- The Exchequer - handled income from justice and customs.
- Groom of the Stool - controlled the Privy Purse which dealt with political affairs and matters of state. This was temporary as Cromwell took over financing policy and Groom of the Stool returned to personal financial needs.
- 1536 - Marks the creation of organised financial departments.
- Court of Genral Surveyors, Court of Augmentations, Court of Wards and Court of First Fruits and Tenths.
Finance at the end of Henry's Reign
By the end of Henry's reign there were six financial departments functioning independently.
- This owed much to Thomas Cromwell and his beliefs in bureaucratic institutions being better than the Household style of government.
- It can be seen as a response to changing needs of the 1530's.
- The Privy Chamber played a role in storing surplus money in the Royal Coffers.
- Therefore, there was a bureaucratic revolution in collecting and accounting, but hoarding and spending was still a household affair.
Local control was important at this time of change for communicating and effecting royal policies.
- There was little change in this during Henry's reign, but an exploitation and development of existing methods. The Council of the North was established and Wales was included in the Shire system.
- The unpaid JP's saw an increase in work that required supervision. They were rewarded with lands, titles and positions.
- People at the center of court played an important role across the country. Privy Chamber members were often JP's and could be sent on commissions or to raise troops from their own areas.
- The Privy Chamber made a substantial contribution to the army when the King went to war.
Parliament was seen as an irregular part of government, but was necessary for granting taxes and legislation, and was regular enough to obtain certain privileges.
- Increased frequency in Parliamentary sessions in last 11 years of Henry's reign with only four years going without session. In the previous 20 years, only five sessions had taken place.
- Parliament's scope had been expanded and there was no area from which it was excluded.
- Henry gained support from the meetings and allowed members to put forward their own Bills and opinions.
- Cromwell's prescence may have increased the practice of introducing Bills in the Commons and the attendance of MP's in the Commons.
The Role of Parliament under Edward
Two main functions of passing laws and granting subsidies continued. Frequent Parliaments continued (two in six years).
- The Break with Rome and all relating legistlation had been passed through Parliament. Therefore any future religious changes had to be confirmed in the same way.
- SOMERSET - used Parliament less frequently, ruled autocratically through proclamation, which led to problems. Privy Council was often bypassed.
- NORTHUMBERLAND - used Parliament more as he learned from Somerset's mistake. He was Lord President of the Council and used the Privy Council effectively.
The Role of Parliament under Mary
Mary undid religious changes using Parliament, and didn't challenge the refusal to return Church lands.
- Under Mary co-operation rather than conflict existed. Sessions were shorter but notbecause of conflict, but because business was pre-planned.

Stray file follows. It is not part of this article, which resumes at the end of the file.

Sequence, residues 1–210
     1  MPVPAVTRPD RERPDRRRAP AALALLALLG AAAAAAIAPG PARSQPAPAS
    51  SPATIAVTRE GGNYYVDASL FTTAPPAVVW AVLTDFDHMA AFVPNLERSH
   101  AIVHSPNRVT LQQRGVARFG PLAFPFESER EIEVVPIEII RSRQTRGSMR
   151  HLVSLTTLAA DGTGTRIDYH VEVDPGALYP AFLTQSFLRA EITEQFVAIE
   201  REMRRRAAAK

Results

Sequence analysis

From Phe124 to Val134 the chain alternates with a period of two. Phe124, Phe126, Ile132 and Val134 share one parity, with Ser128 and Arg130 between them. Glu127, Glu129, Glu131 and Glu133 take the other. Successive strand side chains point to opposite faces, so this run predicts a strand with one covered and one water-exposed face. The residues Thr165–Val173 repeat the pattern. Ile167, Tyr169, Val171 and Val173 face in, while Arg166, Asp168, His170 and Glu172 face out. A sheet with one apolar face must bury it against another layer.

- Parliament refused to let Philip be crowned King.
- They also rejected propositions to exclude Elizabeth from the succession.
Capabilities of Government
Could the government function without a strong monarch?
- Yes, but only for a while.
- Privy Council by it's very nature was faction ridden and this could still work but things were delayed.
- If one faction or individual got too powerful, it could harm the government.
Why did the attempt to establish Lady Jane Grey as
A Devise was made in the last month of Edward's life that excluded Mary and Elizabeth from the succession and named Lady Jane Grey as Edward's heir.
- This was argued that both Elizabeth and Mary were illegitimate, and if they married foreign powers it would compromise the independence of England. These were both weak arguments.
- If Northumberland ignored the Devise, he would face criticism form those he forced to sign it. He would face opposition from proclaiming himself as ruler as there was no precedent for it. If he upheld the Devise he would face the wrath of Mary and her supporters.
- The Devise failed and Mary succeded for three reasons.
- 1) No-one had faith in Northumberland's plan or wanted to support him.
- 2) Mary was legitimate and gathered ten times more troops.
- 3) Edward had acted illegally as a minor and was not allowed to change such things.
The Downfall of the Duke of Somerset
The Privy Council brought several grievances against the Duke of Somerset.
- Poor leadership
- Mishandling of foreign policy
- Money making and extravagance
- Social policy
- Religious policy
- The conservatives opposed Somerset's plans for a new council and began mobilising around 2,500 troops. Somerset unsuccessfully appealed for Russell's troops. He ordered all soldiers to leave London.
- Somerset, Edward and 400 troops moved to Hampton Court. He summoned hundreds of poorly armed peasants to defend the King.
- Somerset and Edward moved to Windsor Castle. Conservatives accused Somerset of kidnapping the King and rousing the commons. Somerset surrendered and was arrested.